Who knew embroidery could be so much fun?


I have been so inspired by other dyers’ work with naturally dyed embroidery thread that I decided a while back that perhaps I could include some silk thread in my many dye pots.  I dyed a large quantity of wool in small batches over the last few months, so there have been quite a few opportunities.  Really, I had friends who like to embroider in mind at the time.  I thought I could gift them my little lengths of dyed thread.  However, a vast new plan has sprung into my mind.  I dug out the embroidery hoop I brought home from an op shop years back, but have never used.  It helps enormously but also makes embroidery rather louder than I had anticipated, as if the fabric were a drumhead!  I did not expect to find embroidery so thrilling, or so noisy.

This new project has had me out and about in the neighbourhood visiting species of eucalypt I use less.  There have been some  surprises.  The two spindly E Websterianas with their minnirichi bark and their heart-shaped leaves are gone!  They were not thriving in that location just a few blocks away, I admit.  But I am sorry to have lost them (let alone that someone probably took all that leafage to the dump).

Another day I went to two different E Scoparias, walking further to get to the one which dependably hangs low when I couldn’t reach the leaves of the closest.  Gone was the lush straggly undergrowth that used to surround it, and gone was the low hanging branch.  I am not sure whom it had offended.


At least the tree is still there, snuggled up to an equally large carob tree.  Since major infrastructure came to my neighbourhood and trucks became a constant form of traffic through streets large, medium and small, the low hanging branches of many of my favourite trees have been removed.  Apparently no one was considering the suburban gleaner at the time…

On a subsequent trip, I discovered that the largest, most luxurious E Scoparia in my neighbourhood, whose tree hating neighbour had me worried when I was collecting bark, has been pruned with a chain saw so that no longer do its lovely leaves hang anywhere I will be able to reach them without a ladder.  Luckily, the bark will fall where I can reach it, and the tree is still there despite having such a determined human enemy.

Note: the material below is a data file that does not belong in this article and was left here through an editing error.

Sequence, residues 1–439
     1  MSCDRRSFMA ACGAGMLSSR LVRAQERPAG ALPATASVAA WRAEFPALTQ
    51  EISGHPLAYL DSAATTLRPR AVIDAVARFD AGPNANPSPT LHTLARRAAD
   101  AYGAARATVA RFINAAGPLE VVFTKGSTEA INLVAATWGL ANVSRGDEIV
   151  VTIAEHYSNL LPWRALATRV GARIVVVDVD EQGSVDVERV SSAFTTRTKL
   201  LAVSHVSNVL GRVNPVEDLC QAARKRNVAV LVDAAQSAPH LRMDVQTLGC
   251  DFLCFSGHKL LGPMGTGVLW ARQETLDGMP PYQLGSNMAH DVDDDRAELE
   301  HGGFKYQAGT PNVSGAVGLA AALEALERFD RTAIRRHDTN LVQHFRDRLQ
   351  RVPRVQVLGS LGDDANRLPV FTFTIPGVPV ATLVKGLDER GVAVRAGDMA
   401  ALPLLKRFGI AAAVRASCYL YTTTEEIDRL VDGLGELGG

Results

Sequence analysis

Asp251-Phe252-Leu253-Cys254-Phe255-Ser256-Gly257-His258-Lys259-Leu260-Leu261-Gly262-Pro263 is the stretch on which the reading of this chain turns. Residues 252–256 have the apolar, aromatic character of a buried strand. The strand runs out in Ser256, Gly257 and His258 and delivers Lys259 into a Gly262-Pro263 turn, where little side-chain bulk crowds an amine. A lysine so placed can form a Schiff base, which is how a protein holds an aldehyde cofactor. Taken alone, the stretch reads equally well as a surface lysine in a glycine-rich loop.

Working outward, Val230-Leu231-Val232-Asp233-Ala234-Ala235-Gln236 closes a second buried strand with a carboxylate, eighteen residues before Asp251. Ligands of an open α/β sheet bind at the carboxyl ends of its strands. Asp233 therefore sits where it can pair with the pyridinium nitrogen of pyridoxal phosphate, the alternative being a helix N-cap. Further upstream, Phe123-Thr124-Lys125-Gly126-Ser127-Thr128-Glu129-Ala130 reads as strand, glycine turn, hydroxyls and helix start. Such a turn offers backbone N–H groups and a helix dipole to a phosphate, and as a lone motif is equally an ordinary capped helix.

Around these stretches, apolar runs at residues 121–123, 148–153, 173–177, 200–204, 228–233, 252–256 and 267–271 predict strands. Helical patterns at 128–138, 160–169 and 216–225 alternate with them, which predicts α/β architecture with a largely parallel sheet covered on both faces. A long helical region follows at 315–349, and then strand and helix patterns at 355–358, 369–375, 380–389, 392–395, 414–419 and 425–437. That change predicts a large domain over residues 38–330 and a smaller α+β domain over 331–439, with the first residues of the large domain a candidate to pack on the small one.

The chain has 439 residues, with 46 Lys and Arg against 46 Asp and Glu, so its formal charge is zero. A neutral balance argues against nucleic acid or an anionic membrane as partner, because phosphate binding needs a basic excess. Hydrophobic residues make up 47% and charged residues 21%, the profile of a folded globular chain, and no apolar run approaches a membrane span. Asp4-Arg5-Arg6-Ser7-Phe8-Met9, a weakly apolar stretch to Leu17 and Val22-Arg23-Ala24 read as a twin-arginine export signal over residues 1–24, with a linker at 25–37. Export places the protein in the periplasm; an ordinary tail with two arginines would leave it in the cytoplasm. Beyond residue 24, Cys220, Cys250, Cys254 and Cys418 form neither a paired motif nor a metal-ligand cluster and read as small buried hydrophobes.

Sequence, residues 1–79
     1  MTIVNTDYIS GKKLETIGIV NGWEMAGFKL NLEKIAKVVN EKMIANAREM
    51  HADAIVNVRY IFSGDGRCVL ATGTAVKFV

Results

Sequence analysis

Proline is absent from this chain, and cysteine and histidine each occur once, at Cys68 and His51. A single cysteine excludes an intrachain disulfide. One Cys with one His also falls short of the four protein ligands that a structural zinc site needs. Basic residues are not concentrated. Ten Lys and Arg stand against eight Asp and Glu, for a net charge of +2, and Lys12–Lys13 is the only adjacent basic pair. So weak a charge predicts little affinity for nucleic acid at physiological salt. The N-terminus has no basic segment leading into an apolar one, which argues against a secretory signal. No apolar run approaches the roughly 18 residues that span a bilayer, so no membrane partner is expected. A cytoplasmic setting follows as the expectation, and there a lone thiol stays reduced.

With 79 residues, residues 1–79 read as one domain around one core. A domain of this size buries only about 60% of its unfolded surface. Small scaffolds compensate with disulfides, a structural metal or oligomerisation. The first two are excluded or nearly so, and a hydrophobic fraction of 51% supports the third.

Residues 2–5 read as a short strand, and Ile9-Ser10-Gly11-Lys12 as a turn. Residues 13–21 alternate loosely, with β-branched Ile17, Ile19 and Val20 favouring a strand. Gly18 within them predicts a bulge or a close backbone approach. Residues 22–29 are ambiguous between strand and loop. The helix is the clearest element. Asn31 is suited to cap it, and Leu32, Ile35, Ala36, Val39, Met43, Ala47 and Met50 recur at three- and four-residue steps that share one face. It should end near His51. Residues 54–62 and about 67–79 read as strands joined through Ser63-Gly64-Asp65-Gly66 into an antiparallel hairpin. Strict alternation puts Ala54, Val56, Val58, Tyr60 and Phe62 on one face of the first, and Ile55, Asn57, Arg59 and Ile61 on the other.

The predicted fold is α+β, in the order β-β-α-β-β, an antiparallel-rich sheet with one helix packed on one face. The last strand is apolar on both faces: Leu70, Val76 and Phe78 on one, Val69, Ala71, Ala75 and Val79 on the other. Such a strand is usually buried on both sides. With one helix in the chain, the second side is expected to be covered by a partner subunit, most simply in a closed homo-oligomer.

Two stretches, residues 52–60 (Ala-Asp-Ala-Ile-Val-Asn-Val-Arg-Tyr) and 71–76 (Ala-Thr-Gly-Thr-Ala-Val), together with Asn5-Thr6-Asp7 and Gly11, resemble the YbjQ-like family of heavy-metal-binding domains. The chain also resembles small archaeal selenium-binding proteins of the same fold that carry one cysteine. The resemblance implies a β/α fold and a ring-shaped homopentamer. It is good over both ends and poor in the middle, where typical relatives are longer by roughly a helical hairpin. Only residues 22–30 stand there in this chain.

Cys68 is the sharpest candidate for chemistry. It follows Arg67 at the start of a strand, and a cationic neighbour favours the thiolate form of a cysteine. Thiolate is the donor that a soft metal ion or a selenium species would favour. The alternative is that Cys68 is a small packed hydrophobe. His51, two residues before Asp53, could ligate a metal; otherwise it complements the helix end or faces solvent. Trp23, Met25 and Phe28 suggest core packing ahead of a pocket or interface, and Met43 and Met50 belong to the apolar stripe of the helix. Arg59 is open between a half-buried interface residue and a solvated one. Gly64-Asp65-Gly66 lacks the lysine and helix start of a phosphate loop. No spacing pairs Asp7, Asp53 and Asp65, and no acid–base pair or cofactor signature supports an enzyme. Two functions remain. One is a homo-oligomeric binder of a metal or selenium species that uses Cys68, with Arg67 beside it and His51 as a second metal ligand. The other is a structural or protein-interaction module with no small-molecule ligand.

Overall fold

Filed under Dye Plants, Eucalypts, Leaf prints, Natural dyeing, Sewing

12 responses to “Who knew embroidery could be so much fun?

  1. Pia

    I never imagined it would be loud either! How much are you dyeing at a time? I’ve measured some into 25 cm lengths to dye recently, no idea if that’s a good size skein.


    • To be honest, I haven’t measured my little lengths. I would say they are probably closer to one metre. You can see them in some of my pictures of samples in the austral indigo and plum pine posts, for example- just a length of thread wrapped around a piece of plastic cut from a milk bottle. I guess I didn’t imagine ever having a call for 25m of embroidery thread, Pia!


      • Pia

        I never embroidered at all, so I had no idea what I’d use it for or how much is used. 🙂 Just checked some commercial cotton bundles I had, they’re 8 meters a piece so I guess I have plenty!


  2. Pia

    meters, drat, not cm


  3. Tree-haters are everywhere, it’s so sad, so deluded.


  4. I love that you are dyeing embroidery thread. I have been wanting to do the same but have been unable to find a source for natural, undyed thread. Would you mind sharing your source?


  5. Pingback: Quilt finished at long last! | Local & Bespoke

  6. Liz

    It may be years late in the saying, but I love this idea of embroidering the name of the dye stuff onto the dyed cloth


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